Music and the Teenage Mind


Jessica John, Student Life Reporter

Music is hands down one of the greatest things in existence. It can be found anywhere–even in nature–and it’s one of the universal languages that ties us all together. Millions of songs and countless genres, instruments, and artists ensure everyone has something to jam out to. Without music, life would be pretty depressing because music provides an escape when you need to unwind and take a break from the world.

Even though everyone listens to music, I think it’s safe to say teenagers are some of the people most impacted by it. As our parents like to remind us, our brains are still developing, which is why music can have such a huge influence on us at this age. So what happens when we listen to music?

According to, listening to music “provides a total brain workout.” It stimulates your brain and can help improve things like your memory. I can attest to this because in eighth grade, I had to memorize the names of all the states and their capitals. I used the tune of one of my favorite Hannah Montana songs and went through each state to sing its name and capitol to the tune of that song and I got 100% on my test. If that doesn’t convince you that music improves your memory, then I don’t know what will.

Music can also help improve your mood and mental health. When you listen to music, the chemicals dopamine, serotonin, and oxytocin are released in your brain. This is absolutely amazing because dopamine makes you feel good, serotonin helps with things like stabilizing your mood, and oxytocin nurtures your ability to be able to connect with other people. (Maybe that’s why at concerts when you see people screaming at the top of their lungs and dancing and doing random crap, you don’t question it because you’re doing the exact same thing.)

Music has also been proven to lower anxiety, alleviate pain, lower stress, and help you sleep better. This is especially beneficial to us as teenagers because we’re constantly sleep deprived, stressed, and anxious. And I’ve never met someone who didn’t like music so if you don’t know what you like, or you’re sick of what you listen to right now, look for something new.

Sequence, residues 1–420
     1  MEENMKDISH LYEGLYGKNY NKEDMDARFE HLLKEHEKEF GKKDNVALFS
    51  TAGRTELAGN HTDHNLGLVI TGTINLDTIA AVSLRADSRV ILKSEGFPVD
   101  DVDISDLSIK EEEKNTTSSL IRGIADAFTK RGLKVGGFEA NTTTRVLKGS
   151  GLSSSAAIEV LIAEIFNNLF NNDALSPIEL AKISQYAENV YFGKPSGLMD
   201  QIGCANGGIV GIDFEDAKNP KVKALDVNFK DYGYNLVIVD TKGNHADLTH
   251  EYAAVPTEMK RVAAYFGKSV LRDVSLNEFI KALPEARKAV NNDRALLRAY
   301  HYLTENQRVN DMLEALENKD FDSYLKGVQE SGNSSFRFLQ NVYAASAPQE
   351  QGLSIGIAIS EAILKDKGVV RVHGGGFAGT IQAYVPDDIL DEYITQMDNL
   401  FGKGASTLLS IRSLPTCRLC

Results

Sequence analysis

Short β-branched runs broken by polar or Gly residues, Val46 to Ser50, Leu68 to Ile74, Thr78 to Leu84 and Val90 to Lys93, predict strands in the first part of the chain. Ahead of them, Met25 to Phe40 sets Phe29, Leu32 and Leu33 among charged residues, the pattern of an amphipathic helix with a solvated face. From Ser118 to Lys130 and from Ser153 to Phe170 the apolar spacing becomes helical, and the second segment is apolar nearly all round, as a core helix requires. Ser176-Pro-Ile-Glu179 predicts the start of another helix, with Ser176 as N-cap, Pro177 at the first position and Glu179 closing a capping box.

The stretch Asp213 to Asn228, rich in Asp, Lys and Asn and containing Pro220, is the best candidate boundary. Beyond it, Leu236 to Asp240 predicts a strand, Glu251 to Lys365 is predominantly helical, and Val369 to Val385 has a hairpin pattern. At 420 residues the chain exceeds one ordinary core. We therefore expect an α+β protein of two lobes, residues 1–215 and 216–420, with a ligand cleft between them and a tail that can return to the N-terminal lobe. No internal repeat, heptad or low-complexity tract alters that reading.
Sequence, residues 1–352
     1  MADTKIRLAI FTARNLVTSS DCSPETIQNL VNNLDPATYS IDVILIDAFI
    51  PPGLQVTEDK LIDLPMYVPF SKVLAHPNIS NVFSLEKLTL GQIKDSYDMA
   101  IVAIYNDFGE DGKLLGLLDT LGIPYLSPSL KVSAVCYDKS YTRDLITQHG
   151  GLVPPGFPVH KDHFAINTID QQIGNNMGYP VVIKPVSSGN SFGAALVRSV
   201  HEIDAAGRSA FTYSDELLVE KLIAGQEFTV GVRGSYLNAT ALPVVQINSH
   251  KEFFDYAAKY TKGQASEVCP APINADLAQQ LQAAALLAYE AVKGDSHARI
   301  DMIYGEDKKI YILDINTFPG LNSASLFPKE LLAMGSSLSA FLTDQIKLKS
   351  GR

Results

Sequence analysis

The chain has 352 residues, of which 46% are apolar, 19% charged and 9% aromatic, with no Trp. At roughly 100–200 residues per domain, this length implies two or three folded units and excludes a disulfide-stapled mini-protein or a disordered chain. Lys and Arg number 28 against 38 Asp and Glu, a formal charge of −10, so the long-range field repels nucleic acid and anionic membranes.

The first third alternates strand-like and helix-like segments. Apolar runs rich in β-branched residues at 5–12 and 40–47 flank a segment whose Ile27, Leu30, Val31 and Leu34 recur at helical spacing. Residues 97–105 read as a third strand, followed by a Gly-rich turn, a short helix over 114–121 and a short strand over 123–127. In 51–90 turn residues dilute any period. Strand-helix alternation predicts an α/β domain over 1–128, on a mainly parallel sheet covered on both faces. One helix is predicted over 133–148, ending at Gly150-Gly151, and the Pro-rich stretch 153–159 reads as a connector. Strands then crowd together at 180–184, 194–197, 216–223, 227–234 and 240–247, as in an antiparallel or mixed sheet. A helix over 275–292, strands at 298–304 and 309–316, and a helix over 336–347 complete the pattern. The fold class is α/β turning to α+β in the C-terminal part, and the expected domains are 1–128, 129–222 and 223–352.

“I like music because it helps me either focus, calm down, or get hyped and it’s just fun to listen to. Music makes me feel like I’m in heaven and I play instruments or create music for at least an hour everyday. I also listen to music for at least 2 hours a day,” senior, Marie Tew, said.

“Music helps me focus and it motivates me and makes me feel dedicated and driven and I listen to music for about 3-4 hours a day,” senior, Danny White, said.

That’s one of the best things about music! No matter how weird of a mood you’re in, you’ll find something to comfort you and/or make you feel good and motivated to get things done. And one of the greatest feelings known to man is finding a song that describes exactly how you’re feeling. (Especially if you don’t know how you feel until you hear that song.)

“What I listen to depends on the situation, but I usually bring something up like Lofi or ambient noise when I’m doing school work to block out the noise. And as weird as it may sound, I can use music to amplify or settle a mood. I like music because it does a lot of the feeling for me, since I find it hard to recognize and articulate that stuff by myself,” senior, Ian Regis, said.

I think a lot of the time we take music for granted because it’s everywhere and so readily available to us, but without music our life would be really dull. (Think about it. Have you ever rewatched a scene of a movie without the music that’s usually in it? It feels really weird and without it the movie doesn’t capture your attention, interest, or emotions as well.)

If you take anything away from this, just remember to be grateful for music. Music is meant to make you happy and to help you feel heard when you don’t know how to say how you feel.

And just like Louis Armstrong once said, “music is life itself.”